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Journalism - Mass Media Research: Literature Review

What is a Literature Review?

A literature review is both a summary and synthesis of scholarly published research on a particular topic.  It should explain to your readers what knowledge and ideas have been established on the topic, along with their strengths and weaknesses.

Literature reviews are important because they are usually a required step in a thesis proposal.  They also help you learn important authors, researchers and ideas in your field. 

A Literature Review Synthesis Matrix can be a helpful when synthesizing themes and ideas.

Literature reviews can be a subsection or a stand alone bibliographic essay.

  • Subsection literature reviews are often found after the introduction and before the methodology section of the work.  They may also be a part of a background section or appear before or after it.  Examples of subsection literature reviews:
    • Part of a research project/paper
    • A chapter in a dissertation or thesis
    • A section in a scholarly journal article
    • Analysis of existing research in a research proposal
    • Justification in a grant application
  • Stand alone bibliographic essay type literature reviews may include:
    • A literature review assigned for class to understand and write about current research on a topic
    • An analytical essay synthesizing an annotated bibliography into a formal paper
    • A review article for a scholarly journal

Suggestions for Conducting the Literature Review

Literature Review Resources

 Literature Reviews:  Books

Types of Literature Reviews

Argumentative Review

This form examines literature selectively in order to support or refute an argument, deeply imbedded assumption, or philosophical problem already established in the literature.  The purpose is to develop a body of literature that establishes a contrarian viewpoint.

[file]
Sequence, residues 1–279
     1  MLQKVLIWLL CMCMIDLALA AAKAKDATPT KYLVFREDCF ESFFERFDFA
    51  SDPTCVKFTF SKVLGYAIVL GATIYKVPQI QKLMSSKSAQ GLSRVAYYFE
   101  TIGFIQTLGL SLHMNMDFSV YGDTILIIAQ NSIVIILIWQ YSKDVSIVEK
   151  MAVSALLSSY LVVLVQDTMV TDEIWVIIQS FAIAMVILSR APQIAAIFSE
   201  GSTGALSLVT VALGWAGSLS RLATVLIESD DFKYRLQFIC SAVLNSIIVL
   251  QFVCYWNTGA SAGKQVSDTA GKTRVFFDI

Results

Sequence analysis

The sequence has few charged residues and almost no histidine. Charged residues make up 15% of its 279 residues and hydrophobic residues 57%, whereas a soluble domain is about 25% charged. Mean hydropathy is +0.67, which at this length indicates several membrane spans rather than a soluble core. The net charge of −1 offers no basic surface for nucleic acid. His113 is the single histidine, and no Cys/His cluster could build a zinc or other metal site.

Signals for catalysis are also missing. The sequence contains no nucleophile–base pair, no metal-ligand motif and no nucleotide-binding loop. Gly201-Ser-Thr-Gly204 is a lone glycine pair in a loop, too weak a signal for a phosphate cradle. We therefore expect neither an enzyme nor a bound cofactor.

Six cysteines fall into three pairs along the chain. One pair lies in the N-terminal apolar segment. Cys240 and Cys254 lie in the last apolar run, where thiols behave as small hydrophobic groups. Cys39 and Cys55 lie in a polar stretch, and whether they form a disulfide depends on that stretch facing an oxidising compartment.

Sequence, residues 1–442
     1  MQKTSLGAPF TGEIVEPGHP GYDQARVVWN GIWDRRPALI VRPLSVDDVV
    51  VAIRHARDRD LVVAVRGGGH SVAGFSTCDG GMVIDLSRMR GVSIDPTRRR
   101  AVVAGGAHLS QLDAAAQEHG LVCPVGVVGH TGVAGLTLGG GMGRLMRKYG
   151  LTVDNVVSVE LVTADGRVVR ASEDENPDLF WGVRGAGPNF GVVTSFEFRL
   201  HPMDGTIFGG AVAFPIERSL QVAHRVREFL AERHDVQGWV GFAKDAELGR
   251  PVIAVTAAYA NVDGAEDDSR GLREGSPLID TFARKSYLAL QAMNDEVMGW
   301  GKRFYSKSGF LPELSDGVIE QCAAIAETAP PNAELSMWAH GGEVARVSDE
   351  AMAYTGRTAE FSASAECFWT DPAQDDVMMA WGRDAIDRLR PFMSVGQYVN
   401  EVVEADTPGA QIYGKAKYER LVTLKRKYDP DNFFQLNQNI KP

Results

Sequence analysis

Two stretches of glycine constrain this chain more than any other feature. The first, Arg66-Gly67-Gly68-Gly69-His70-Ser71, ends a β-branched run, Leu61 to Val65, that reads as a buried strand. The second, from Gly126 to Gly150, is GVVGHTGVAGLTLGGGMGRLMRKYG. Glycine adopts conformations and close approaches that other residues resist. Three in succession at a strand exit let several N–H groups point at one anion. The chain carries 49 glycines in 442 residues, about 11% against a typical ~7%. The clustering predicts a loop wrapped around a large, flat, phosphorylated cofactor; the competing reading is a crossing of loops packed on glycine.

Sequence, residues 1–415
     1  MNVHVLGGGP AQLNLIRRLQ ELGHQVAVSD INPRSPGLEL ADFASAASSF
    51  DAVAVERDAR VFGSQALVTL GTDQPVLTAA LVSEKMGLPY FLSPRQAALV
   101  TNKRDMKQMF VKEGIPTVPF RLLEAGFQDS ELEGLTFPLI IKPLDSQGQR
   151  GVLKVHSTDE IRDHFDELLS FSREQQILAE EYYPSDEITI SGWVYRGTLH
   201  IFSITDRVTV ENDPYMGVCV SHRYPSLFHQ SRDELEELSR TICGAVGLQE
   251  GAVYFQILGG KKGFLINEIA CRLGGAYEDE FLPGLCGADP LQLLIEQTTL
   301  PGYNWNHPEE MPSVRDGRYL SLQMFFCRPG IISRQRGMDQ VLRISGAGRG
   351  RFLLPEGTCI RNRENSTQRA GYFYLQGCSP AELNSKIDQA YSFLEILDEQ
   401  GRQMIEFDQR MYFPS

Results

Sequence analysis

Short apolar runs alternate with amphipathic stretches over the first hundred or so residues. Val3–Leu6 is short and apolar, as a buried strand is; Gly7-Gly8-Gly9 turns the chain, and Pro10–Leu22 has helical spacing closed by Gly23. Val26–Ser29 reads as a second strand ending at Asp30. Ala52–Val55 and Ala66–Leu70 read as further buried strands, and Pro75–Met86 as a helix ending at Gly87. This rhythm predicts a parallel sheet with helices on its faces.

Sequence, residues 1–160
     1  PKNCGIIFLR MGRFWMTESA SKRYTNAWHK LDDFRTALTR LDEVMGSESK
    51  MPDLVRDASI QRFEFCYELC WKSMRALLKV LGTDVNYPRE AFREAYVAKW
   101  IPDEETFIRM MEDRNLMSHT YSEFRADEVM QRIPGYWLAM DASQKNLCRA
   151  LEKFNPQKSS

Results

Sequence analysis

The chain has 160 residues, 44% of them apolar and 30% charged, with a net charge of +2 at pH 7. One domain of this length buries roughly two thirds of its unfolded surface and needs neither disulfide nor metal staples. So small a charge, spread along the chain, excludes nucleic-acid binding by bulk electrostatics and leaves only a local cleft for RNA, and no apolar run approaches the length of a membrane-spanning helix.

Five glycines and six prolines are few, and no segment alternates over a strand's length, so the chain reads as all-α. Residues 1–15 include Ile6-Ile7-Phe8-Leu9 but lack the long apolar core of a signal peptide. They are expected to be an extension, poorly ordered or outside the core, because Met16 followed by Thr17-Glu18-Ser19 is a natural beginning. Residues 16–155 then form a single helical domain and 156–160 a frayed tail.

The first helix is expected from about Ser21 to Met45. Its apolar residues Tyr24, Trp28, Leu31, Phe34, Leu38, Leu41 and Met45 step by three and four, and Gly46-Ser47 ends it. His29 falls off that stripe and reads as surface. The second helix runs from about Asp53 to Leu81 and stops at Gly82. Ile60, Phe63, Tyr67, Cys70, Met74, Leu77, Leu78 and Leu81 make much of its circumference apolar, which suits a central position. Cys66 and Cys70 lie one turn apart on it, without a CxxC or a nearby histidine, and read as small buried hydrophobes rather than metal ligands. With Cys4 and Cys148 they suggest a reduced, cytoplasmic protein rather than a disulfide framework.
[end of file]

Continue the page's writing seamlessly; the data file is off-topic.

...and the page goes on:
Integrative Review

Probably the most common form of review in the social sciences, the integrative review is a form of research that reviews, critiques, and synthesizes representative literature on a topic in an integrated way so that new frameworks and perspectives on the topic are generated.  The body of the literature includes all studies that address related or identical hypotheses or research problems.

Historical Review

Historical literature reviews focus on examining research throughout a period of time, often starting with the first time an issue, concept, theory, phenomena emerged in the literature, then tracing its evolution within the scholarship of a discipline.  The purpose is to place research in a historical context.

Methodological Review

A review does not always focus on what someone said, but how they came about saying what they say [method of analysis].  Reviewing methods of analysis provides a framework of understanding at different levels, how researchers draw upon a wide variety of knowledge ranging from the conceptual level to practical documents for use in fieldwork in the areas of ontological and epistemological consideration, quantitative and qualitative integration, sampling, interviewing, data collection, and data analysis.  This approach helps highlight ethical issues which you should be aware of and consider as you go through your own study.

Systematic Review

This form consists of an overview of existing evidence pertinent to a clearly formulated research question, which uses pre-specified and standardized methods to identify and critically appraise relevant research, and to collect, report, and analyze data from the studies that are included in the review. Typically it focuses on a very specific empirical question, often posed in a cause-and-effect form, such as "To what extent does A contribute to B?"